Kitty Stryker answers this question today in a very lovely and touching article at Slixa, based on her experiences taking clients in London. It doesn’t actually tie in with the common stereotype:
Working with TLC Trust in London, I found myself encountering a very different sort of client than the media-projected stereotype. I was a companion for an autistic man whose sister wanted to help him learn how to navigate flirting and dating with hands on experience. Just coming to my space was difficult for another person who had social anxiety. I had more than one female lover who sought me out for erotic massage so they could relearn how to be touched intimately and communicate triggers after sexual assault experiences. Sometimes the people I met wanted to snuggle and cry in my arms about the restrictions they felt about their faith, or their struggle with expectations of gender roles, or relationships they had lost. I hadn’t fully realized how being a switchboard operator with psychology experience gave me training on how to be a better provider!
I’m especially happy to see this piece today. I wrapped up my next piece for Slixa at about 10:30 this morning, which is a review of Cheyenne Picardo’s indie film, Remedy. My review is pretty strongly positive about the film, which tells the story of a young woman who takes a gig as a pro switch in an NYC dungeon. The one thing that bothered me was the depiction of the clients. With only one exception, they were weird, damaged, or abusive, with no context for what made them want to pay for a dental assistant to shoot novacaine into their gums or have anti-semitic insults hurled at them. Despite the quality of the performances, they seemed like stock portrayals of men who hire sex workers.
Remedy might not have been the place to address the stories of the clients. It’s primarily the story of Remedy herself (Kira Davies), and the stresses of her job. We’re seeing everything from her viewpoint, and she doesn’t really have time to worry about these guys’ lives outside of the dungeon. The one time she does that, it hurts.
Nevertheless, I think that the issues that Kitty is talking about are really important, and I want to see more nuanced discussions of male sexualities. I feel too often like feminist and queer analyses of sexuality leave the image of rapacious masculinity untouched and unquestioned, while all the positive discussions are directed towards femme and genderqueer sexualities. When masculinity is discussed, it’s primarily to talk about what men should not do: don’t rape, don’t harass, don’t insult. And that kind of talk, unfortunately, is really necessary. We need more of it. As of right now, broaching the topics of consent and sexual harassment elicit storms of anger and hostility just for covering the arithmetic, when we should be able to teach calculus.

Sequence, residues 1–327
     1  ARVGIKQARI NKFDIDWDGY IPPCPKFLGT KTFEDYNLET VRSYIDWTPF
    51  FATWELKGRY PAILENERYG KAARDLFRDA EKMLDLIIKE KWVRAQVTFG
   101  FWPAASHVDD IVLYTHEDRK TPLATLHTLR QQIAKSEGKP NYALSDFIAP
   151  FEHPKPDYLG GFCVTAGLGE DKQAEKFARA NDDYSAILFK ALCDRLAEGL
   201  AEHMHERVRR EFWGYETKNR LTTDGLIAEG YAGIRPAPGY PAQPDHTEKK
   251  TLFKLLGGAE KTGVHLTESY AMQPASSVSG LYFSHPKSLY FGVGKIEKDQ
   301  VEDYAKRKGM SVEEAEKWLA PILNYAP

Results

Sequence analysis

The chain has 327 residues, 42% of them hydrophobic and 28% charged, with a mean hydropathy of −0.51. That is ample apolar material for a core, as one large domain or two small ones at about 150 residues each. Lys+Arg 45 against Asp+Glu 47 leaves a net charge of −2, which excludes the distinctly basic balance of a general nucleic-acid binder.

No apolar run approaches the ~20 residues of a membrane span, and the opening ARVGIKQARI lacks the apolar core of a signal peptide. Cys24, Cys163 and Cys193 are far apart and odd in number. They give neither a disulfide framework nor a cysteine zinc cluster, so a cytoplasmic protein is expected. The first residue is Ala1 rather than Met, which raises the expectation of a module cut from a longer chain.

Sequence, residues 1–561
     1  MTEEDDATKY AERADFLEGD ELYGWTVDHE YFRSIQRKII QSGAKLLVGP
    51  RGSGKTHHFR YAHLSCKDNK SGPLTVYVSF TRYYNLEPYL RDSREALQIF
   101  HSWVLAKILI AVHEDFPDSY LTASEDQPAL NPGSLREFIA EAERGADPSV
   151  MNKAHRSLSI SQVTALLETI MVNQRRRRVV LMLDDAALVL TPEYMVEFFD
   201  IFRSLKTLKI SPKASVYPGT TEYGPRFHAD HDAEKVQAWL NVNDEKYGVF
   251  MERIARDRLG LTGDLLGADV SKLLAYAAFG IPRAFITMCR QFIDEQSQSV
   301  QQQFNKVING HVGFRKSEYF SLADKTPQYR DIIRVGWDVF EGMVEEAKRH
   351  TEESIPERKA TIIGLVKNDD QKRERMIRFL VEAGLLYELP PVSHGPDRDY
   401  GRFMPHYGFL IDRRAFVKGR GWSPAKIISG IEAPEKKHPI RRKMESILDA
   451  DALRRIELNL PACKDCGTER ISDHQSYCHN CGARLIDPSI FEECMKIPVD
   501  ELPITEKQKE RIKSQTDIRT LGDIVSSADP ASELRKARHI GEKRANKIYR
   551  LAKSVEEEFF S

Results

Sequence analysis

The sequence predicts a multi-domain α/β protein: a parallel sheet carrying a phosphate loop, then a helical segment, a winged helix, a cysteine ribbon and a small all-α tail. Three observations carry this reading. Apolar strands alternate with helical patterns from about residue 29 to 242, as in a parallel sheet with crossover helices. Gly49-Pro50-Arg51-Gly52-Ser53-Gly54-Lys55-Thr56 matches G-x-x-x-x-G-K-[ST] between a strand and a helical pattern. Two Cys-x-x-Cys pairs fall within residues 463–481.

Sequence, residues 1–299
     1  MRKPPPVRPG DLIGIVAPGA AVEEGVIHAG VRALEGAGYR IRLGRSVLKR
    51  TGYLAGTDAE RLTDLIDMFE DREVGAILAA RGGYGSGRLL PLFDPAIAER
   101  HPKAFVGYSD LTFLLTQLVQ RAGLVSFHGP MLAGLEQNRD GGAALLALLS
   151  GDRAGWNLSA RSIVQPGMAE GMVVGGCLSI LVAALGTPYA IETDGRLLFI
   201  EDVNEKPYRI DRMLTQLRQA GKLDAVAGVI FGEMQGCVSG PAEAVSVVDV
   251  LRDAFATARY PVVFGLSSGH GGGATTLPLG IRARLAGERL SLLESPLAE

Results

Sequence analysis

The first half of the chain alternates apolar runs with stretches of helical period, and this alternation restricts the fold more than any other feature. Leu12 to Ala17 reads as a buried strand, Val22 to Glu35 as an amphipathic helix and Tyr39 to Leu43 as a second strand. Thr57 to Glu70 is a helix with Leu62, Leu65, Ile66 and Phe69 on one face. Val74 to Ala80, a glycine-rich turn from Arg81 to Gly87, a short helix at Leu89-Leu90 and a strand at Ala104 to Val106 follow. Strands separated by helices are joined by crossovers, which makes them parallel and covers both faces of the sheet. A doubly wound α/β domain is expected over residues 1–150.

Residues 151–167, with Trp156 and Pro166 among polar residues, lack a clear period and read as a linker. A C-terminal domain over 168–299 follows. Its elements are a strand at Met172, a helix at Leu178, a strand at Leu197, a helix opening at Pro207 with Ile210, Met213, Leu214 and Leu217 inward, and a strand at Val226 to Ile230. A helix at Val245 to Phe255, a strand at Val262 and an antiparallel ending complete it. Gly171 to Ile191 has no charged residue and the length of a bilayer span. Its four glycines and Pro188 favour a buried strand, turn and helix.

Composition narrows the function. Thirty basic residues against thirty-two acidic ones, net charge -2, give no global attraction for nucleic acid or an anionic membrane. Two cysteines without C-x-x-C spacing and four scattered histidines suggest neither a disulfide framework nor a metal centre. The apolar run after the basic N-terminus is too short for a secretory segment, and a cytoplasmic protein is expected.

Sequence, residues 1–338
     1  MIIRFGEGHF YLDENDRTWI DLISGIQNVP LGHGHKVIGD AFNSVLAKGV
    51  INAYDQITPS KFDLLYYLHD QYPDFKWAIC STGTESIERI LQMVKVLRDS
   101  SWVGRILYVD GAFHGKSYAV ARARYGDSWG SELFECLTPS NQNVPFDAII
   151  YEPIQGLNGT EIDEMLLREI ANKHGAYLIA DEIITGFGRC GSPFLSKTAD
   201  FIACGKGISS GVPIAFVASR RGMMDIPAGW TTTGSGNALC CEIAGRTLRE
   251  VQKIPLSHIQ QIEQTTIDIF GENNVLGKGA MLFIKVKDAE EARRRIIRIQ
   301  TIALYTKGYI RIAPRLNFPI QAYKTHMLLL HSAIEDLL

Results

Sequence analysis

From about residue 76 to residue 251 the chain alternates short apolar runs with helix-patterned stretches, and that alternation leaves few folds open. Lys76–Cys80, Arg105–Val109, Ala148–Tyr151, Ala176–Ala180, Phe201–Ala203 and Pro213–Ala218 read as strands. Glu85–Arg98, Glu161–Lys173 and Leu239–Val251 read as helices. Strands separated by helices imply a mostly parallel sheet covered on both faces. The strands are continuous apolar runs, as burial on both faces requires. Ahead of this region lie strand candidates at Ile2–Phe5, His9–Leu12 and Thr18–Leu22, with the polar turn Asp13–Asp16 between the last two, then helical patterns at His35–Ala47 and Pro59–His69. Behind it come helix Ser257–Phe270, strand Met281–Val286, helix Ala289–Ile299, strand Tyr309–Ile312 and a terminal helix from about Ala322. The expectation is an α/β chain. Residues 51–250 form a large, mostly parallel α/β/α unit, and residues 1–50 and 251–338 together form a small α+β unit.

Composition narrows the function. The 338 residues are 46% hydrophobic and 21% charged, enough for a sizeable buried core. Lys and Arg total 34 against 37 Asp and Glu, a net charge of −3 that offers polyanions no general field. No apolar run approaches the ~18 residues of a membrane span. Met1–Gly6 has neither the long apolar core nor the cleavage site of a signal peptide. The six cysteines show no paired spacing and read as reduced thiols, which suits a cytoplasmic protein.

At the same time, I want my sexuality to be identified as good because of positive things, not because of things that I don’t do. Even in my middle age, I want to be able to be seen as beautiful and attractive, not simply someone who’s just not a threat.
And it’s also necessary in order to complete agendas that make women safer. A lot of the misogyny that chokes the Internet, and a lot of rape culture is founded on the idea that men rape and assault and malign women because it’s their nature, and they’re no more able to control themselves than a flower is able to stop itself from growing towards the light. This is bullshit. In the twenty-five or so years that I’ve been sexually active, I’ve found it surprisingly easy not to rape or assault anyone. My sexuality isn’t repressed because I don’t yell or leer at women on the street.
The stigma against sex workers also depends heavily on the notion that men’s sexuality is predatory and insatiable. Women have traditionally been tasked with being “the better half” of gender, and controlling men’s baser urges. A woman who doesn’t is either a victim of male lust or too morally degenerate to carry out her duty. And a lot of male homophobia is powered by the belief of straight men that a gay guy just won’t be able to control his urges around them. (There’s a lot of this in the neurosis about trans women using women’s bathrooms, too.)
In other words, we’re all in this together, although a lot of people seem to think that gender politics is naught but a game of tug-of-war with clear winners and losers.
The clients in Remedy are familiar to me, in a way, especially one whom I write about at length in the review. But none of them are me. None of them are who I want to be. What I like about Kitty’s description of her clients is that I can see my own needs and desires reflected a lot more clearly in them, especially the ones that come for education. In some ways, sex seems even more confusing and intimidating at 44 than it did at 20, and if I were to go to a sex worker, I imagine that would be a much more compelling reason than just to dip my wick.